Document Type : SPECIAL ISSUE


1 Solar Energy Research Institute, Universiti Kebangsaan Malaysia, Bangi 43600, Selangor, Malaysia

2 Department of Population Science and Human Resource Development, University of Rajshahi, 6205, Rajshahi, Bangladesh

3 3Department of Business and Management, Universiti Tenaga Nasional, Jalan Kajang - Puchong, 43000 Kajang, Selangor, Malaysia

4 Mechanical Engineering Department, College of Engineering, King Saud University, Riyadh 11421, Saudi Arabia

5 Department of Mechanical Engineering, Universiti Teknologi PETRONAS, 32610 Seri Iskandar, Perak Darul Ridzuan, Malaysia

6 Graduate School of Pure and Applied Sciences, University of Tsukuba, Tsukuba, Ibaraki 305-8573, Japan



BACKGROUND AND OBJECTIVES: Extended producer responsibility has been a policy tool for managing solar photovoltaic waste in European Union countries for approximately a decade. Furthermore, EPR has been widely used in many countries for electronic waste and other forms of waste management. Several studies have recommended this tool to sustainably manage solar photovoltaic waste in countries transitioning to large-scale solar energy usage. Nevertheless, implementing a policy tool varies depending on numerous factors, particularly context differences in developed and developing countries. The research on adopting and implementing this tool for solar photovoltaic waste management is limited in developing countries. Bangladesh requires appropriate regulations to manage the impending waste, which will soon encounter substantial end-of-life solar photovoltaic panel volumes. Therefore, this study investigated the adoption and implementation of the extended producer responsibility policy tool within the context of Bangladesh.
METHODS: A comprehensive literature review was conducted to identify the enabling and challenging factors influencing the implementation of this tool. Subsequently, a Likert Scale-based questionnaire incorporating the enabling and challenging factors was framed. A survey targeting stakeholders in the solar photovoltaic sector was then performed. Data analysis involved univariate and bivariate analyses, and Bangladesh was selected as a representative developing country for this study.
FINDING: The results revealed that stakeholders in the solar PV industry significantly emphasized (mean > 3) all enabling factors associated with extended producer responsibility for adoption in their country to manage end-of-life photovoltaic panels. This observation signified the importance of adopting and implementing extended producer responsibility to manage the impending disposal of end-of-life solar photovoltaic panels. Among the enabling factors, the public expense reduction (mean = 3.97), user acceptance (mean = 3.89), eco-design encouragement (mean = 4.02), and the local recycling facility with secondary material market establishments (mean = 3.89) emerged as the most crucial factors. The solar photovoltaic waste-specific regulations (mean = 3.72), the absence of a pre-established collection network (mean = 4.20), and weak institutional capacity (mean = 4.03) were identified as challenging factors requiring special attention during this tool adoption. The inter-item correlation matrix analysis for enabling and challenging factors also demonstrated high significance. Moreover, Cronbach's alpha for enabling and challenging factors were 0.885 and 0.749, respectively. This outcome suggested a good and acceptable internal consistency level among the factors.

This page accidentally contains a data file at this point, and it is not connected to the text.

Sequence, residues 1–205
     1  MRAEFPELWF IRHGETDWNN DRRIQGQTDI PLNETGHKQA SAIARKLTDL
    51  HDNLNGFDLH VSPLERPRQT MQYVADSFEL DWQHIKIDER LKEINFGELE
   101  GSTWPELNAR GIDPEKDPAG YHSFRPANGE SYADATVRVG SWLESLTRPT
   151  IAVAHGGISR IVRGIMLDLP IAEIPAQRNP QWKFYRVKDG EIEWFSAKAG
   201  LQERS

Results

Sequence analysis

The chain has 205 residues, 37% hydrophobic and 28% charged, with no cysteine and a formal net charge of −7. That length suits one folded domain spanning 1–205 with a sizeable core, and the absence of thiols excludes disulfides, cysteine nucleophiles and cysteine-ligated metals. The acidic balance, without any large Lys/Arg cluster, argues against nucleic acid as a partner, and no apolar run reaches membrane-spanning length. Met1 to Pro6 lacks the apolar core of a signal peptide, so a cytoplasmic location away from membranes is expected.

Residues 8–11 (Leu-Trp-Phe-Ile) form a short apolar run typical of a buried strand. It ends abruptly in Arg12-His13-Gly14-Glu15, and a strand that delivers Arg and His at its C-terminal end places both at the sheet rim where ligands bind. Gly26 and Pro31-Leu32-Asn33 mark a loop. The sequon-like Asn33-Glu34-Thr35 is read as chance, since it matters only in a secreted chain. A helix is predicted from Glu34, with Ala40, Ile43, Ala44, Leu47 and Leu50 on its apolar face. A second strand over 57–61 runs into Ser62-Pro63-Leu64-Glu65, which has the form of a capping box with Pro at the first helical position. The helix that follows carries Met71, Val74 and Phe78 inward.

CONCLUSION: Adopting extended producer responsibility was essential in developing countries to ensure the sustainable management of end-of-life solar photovoltaic panels. Nonetheless, successful implementation required addressing specific domestic concerns, such as the absence of a pre-existing waste take-back system and weak institutional capacity. Regulators should also proactively take measures to leverage enabling factors, including gaining users' acceptance, reducing costs, and potentially tapping into secondary material markets. Consequently, this study can assist in formulating appropriate regulations regarding the sustainable management of hazardous end-of-life solar photovoltaic panels. The findings can be utilized in Bangladesh and other countries encountering similar challenges, contributing to environmental preservation and eco-friendly development.

Graphical Abstract

Adoption and implementation of extended producer responsibility for sustainable management of end-of-life solar photovoltaic panels


  • Enabling and challenging factors of adopting extended producer responsibility for managing end-of-life photovoltaic panels in a developing country context identified and analyzed based on solar energy industry stakeholder survey;
  • Adoption of extended producer responsibility might create an opportunity for recycling domestically besides reducing public expenses of solar panel waste management;
  • Cost transfer to manufacturers for adopting extended producer responsibility in developing countries might increase panel cost, making RE target achievement difficult;
  • Institutional capacity needs to be strengthened and regulation promulgated immediately to benefit from the implementation of extended producer responsibility.


Main Subjects


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